US352865A - freir - Google Patents

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US352865A
US352865A US352865DA US352865A US 352865 A US352865 A US 352865A US 352865D A US352865D A US 352865DA US 352865 A US352865 A US 352865A
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transmitter
manual
automatic
battery
wire
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    • HELECTRICITY
    • H04ELECTRIC COMMUNICATION TECHNIQUE
    • H04LTRANSMISSION OF DIGITAL INFORMATION, e.g. TELEGRAPHIC COMMUNICATION
    • H04L12/00Data switching networks
    • H04L12/54Store-and-forward switching systems¬†

Description

(No Model.)
' I 2 Shets-Sheet 1. s. P. PREIR.
DIPLBX AN'D'QUADRUPLBX TELEGRAPHY. No. 352,865. r Patented N0v.'16, 1886.
N. PETERS. PMm-Liihognpher, Washington D.C.
2'Sheets Sheet 2;
(No Model.)
s. P. FREIR.
DIPLEX .AND QUADRUPLEX TELEGRAPHY.
Patented Nov. 16, 1886 To all whom it may concern:
Be it known that I, SAMUEL PHILIP FREIR,
received from a distant station.
Nrrnn STATEs SAMUEL P. FREIR, or ROSELLE, NEW Jnnsnr, ASSIGNOR TOTTHE WESTERN uNioN TELEGRAPH coMPANY, or New YORK.
'DIPLEXIAND QUADRUPLEX TELEGRAPHY.
SPECIFICATION forming part of Letters Patent No. 352,865, dated November 16, 1886.
Application filed August 13, 1886. Serial No. 210,730. (No model.) I
residing in Roselle, county of Union, State of New Jersey, a subject of the Queen of Great Britain,have made a new and useful Improvement in Diplex andQnadruplex Telegraphy, of which the following is a specification.
In quadruplex'telegraphs as heretofore em ployed two messages are transmitted from a station while two messages are simultaneously The four transmittersthe two at the home station and the two at a distant station-have heretofore been manually operatedthat is, by the hand of the transmitting-operator.
The object of this invention is to enable two of the manual transmitters-one at each station-to be replaced by automatictransmitters.
To this end, for convenience of illustration, I have shown the apparatus of a quadruplex system at-one station, in which one message is transmitted wholly by changes in current strength, while the other is transmitted, either automatically or manually, wholly by current reversals, the arrangement being such that when the automatic transmitter is connected foroperation the manual transmitter is cut out or disconnected, and vice versa.
To enable automatic and manual transmitters to be alternately used at the pleasure of the transmitting -operator, modifications of battery arrangement and improvements in apparatus of the receiving-instruments are employed, which will hereinafter be fully explained.
Figure 1 represents the transmitting apparatus of my improved quadruplex system at one station; Fig. 2,the receiving apparatus at the same station, while Fig; 3 shows the polarized receiving-instrumentsuch as is usually employed in automatic telegraph systems. Both ends of the telegraph-line are provided with similar apparatus, each with the other, as is common in systems of quadruplex and duplex telegraphy.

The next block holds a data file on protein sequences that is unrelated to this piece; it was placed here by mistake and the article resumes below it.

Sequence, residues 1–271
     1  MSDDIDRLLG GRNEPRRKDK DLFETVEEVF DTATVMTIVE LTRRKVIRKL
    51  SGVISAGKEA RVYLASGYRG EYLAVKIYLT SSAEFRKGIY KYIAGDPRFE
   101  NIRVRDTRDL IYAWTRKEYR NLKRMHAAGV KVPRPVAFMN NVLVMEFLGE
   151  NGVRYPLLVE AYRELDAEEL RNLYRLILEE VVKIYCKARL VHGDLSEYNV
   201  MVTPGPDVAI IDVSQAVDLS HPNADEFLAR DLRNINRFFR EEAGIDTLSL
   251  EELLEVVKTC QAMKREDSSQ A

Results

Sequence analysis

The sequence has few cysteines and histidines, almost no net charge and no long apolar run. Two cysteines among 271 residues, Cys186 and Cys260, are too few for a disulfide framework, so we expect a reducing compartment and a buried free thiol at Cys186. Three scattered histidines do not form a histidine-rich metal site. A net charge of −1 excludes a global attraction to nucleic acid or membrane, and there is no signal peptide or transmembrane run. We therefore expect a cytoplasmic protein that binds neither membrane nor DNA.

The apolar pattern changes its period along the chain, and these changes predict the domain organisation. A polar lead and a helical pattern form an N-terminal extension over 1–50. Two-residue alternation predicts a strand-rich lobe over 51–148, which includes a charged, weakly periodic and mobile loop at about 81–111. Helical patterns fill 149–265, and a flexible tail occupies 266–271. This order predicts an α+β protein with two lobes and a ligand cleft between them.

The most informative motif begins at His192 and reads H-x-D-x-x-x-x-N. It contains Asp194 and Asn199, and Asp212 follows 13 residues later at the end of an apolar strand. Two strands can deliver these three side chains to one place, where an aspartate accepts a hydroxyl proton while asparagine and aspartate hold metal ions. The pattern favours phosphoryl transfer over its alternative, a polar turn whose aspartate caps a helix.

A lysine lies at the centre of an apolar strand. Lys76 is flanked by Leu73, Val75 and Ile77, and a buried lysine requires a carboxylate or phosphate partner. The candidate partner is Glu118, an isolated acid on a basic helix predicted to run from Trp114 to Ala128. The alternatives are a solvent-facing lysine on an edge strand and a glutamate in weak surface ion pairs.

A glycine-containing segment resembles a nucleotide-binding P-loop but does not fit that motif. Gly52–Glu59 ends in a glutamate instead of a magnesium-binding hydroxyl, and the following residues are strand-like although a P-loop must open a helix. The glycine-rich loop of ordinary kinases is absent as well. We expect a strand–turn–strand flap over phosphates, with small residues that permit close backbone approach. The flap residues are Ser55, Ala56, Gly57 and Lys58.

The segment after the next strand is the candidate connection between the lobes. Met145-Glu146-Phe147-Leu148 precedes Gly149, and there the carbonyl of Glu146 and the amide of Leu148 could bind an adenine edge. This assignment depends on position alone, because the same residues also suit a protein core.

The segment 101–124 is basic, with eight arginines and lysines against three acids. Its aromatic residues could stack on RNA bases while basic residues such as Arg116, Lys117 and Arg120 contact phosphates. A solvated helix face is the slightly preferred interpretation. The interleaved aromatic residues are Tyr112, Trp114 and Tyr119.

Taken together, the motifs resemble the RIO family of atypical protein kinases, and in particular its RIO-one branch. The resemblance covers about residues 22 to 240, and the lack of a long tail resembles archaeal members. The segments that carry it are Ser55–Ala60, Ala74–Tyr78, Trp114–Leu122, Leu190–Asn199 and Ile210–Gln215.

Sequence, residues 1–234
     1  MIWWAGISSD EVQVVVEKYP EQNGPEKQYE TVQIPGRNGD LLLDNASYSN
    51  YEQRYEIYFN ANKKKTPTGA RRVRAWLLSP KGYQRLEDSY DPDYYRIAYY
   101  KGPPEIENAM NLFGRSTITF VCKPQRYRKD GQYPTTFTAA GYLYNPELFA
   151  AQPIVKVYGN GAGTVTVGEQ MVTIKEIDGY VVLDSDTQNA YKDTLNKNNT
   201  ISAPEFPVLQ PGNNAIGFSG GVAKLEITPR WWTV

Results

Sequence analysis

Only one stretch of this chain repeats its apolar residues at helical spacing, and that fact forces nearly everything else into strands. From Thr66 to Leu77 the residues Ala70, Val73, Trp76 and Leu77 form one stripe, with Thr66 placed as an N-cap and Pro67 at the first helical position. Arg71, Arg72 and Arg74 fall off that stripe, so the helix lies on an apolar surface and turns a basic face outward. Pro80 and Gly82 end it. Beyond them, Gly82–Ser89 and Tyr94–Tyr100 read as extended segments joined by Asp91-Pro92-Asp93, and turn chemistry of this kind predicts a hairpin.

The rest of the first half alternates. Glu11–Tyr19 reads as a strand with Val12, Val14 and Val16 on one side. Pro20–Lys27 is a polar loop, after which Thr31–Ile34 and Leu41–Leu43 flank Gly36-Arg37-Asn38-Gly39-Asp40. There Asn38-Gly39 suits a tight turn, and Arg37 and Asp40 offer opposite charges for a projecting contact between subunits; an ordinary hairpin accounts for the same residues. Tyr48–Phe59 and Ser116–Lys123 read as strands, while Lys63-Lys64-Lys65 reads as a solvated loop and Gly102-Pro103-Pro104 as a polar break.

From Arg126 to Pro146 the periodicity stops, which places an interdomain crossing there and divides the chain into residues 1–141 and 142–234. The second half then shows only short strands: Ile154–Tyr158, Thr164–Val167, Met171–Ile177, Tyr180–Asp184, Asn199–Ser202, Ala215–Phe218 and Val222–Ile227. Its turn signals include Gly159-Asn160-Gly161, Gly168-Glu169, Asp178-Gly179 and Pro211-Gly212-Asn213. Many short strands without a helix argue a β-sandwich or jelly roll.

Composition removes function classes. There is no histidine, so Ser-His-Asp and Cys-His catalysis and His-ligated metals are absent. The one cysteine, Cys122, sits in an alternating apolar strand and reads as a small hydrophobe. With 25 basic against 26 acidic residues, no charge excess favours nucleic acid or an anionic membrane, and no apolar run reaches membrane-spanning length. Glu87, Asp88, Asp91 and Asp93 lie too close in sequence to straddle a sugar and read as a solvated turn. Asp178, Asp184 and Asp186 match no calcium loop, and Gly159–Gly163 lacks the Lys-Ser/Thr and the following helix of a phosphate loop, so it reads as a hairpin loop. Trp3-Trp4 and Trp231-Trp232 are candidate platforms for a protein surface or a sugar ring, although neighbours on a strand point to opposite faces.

Referring to Fig. 1, K and K representtwo manual transmitters,K being employed to send a message by reversals of current independent of changes in strength, while K is employed to send a message by changes in current strength independent of reversals. Electrical connections of transmitter K are joined to the main line 8 through a switch consisting of an insulating-bar, t, three switch-levers, q r s, and contact-pieces ll 12 l3 14 15 16. An automatic transmitter is also connected to the main line through said switch, and the connections of the two transmitters are such that when the switch is thrown to the left the automatic transmitter will be placed in circuit for transmission, and the manual transmitter will at the same time be disconnected. On"
the other hand, when the switch is thrown to the right, the automatic transmitter is disconnected and the manual transmitter j oined to the line for operation. thrown to the left, as shown in the drawings, the circuit from earth G is completed by means of wire 1, switch-lever q, contact-wire 2, armn, a pin mounted upon t forming part of the automatic pole-changer, wire 3, contact 13, switch-lever r, wire 4, spring u, lever to, wire 5, resistance r,to point 18 of the battery; thence through the upper section of battery, wire 6,
conducting-pin upon the metallic portion h of said automatically-vibrating disk pivoted at When the switch is v,
p, lever 0, wire 7, contact 15, and switch-lever sage to be transmitted, so that when an aperture is brought opposite either of two pins, 6 orf, that pin, through the agency of any suitable motor, as a clock-work, is pressed into said aperture and the other pin correspondingly depressed. Thus as the paper strip is moved along in the direction of its length the pins 6 f are alternately raised and lowered, thereby oscillating a cross-head carrying pins 0 d, which operate upon bell-crank levers a b, pivoted, respectively, at l n. Said levers are provided with retractingsprings and connecting-rods g j, thus mechanically joining them with the commutator-disk and causing it to oscillate about its pivot 19. This apparatus is commonly known as the (Wheatstone Automatic Transmitter. My invention, however,